A Matter of Animation

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Science  21 Aug 2009:
Vol. 325, Issue 5943, pp. 921
DOI: 10.1126/science.325_921c

Students of chemistry often have trouble making the connection between macroscopic phenomena they can see and the underlying molecular events operating on a scale too small to visualize directly. Chang et al. investigated whether seventh-grade students' understanding of the molecular structure of matter could improve with the help of computer animation software to portray molecular events in familiar processes such as boiling. Specifically, the authors sought to assess the relative efficacies of three approaches: design and interpretation by individual students of animations illustrating chemical phenomena; self-design of animations followed by interactive critiquing sessions with peers in the class; and examination by students of purely teacher-generated animations. Assessments were based on comparative test performance before and after the animation project. Data from 178 students supported significantly greater gains in understanding among students who participated in peer evaluation than among those who simply prepared animations alone. Thus, including an interactive evaluation component may take more time, but it appears to be time well spent. There was no significant difference in test outcome between the students in the peer-evaluation group and those in the teacher-generated animation group, though the former students did perform slightly better in an assessment of their ability to interpret molecular animations in class.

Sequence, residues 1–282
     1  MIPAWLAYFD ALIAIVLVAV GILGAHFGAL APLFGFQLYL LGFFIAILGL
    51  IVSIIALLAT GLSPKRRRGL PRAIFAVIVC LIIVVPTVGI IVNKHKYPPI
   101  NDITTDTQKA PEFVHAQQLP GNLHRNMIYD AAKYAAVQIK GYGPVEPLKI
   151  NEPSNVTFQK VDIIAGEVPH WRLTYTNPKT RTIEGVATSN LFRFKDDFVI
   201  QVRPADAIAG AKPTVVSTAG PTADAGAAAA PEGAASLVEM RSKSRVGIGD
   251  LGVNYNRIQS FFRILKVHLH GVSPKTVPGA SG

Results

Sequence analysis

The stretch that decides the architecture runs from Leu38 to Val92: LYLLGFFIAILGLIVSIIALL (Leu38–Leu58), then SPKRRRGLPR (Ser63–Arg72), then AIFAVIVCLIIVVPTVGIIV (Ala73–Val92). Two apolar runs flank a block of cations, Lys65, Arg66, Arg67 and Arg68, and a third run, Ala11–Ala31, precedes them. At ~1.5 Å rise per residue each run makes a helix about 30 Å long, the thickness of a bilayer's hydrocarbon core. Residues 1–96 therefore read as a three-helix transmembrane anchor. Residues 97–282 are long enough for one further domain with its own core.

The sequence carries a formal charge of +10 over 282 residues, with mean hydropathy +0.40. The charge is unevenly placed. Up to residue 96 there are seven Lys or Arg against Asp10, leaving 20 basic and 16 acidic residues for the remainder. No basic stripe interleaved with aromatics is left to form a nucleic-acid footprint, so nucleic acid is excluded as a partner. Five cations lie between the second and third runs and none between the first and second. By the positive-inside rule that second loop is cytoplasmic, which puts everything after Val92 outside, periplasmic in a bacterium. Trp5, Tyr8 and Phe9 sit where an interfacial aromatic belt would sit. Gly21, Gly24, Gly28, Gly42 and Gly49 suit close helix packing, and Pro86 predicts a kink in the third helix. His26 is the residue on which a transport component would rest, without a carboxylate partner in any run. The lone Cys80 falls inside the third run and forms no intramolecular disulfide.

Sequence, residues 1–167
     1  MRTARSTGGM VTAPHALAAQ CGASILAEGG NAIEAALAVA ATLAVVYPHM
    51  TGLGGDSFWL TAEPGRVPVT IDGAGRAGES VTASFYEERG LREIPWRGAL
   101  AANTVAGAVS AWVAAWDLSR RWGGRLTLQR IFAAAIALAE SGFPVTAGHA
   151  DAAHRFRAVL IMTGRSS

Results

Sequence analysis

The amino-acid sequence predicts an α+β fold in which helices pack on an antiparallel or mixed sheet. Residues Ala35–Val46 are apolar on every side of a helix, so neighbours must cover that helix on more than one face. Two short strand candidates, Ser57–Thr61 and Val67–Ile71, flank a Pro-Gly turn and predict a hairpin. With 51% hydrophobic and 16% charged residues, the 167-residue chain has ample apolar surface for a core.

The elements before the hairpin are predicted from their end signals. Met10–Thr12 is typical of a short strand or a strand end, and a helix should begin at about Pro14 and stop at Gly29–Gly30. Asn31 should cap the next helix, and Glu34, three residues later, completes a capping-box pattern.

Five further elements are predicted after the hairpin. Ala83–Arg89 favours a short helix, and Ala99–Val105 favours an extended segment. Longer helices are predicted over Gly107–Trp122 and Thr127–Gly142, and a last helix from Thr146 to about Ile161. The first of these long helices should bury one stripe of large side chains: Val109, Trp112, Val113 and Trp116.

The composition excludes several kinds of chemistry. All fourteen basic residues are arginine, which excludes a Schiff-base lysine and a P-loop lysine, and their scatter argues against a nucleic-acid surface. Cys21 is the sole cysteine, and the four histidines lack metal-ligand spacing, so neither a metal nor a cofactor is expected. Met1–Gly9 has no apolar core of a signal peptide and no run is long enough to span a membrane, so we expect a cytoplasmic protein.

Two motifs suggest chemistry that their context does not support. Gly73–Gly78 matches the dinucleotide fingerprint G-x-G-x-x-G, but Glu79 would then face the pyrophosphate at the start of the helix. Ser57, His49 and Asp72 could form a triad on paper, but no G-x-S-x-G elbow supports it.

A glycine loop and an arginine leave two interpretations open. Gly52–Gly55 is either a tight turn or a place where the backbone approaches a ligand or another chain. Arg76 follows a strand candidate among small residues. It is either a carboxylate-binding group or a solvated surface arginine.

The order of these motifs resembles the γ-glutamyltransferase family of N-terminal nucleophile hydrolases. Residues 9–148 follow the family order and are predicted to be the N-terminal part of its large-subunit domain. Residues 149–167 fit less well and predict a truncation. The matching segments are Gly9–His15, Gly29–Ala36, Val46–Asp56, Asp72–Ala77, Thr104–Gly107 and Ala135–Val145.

Sci. Educ. 93, 10.1002/sce.20352 (2009).

  • * Melissa McCartney is a summer intern in Science's editorial department.

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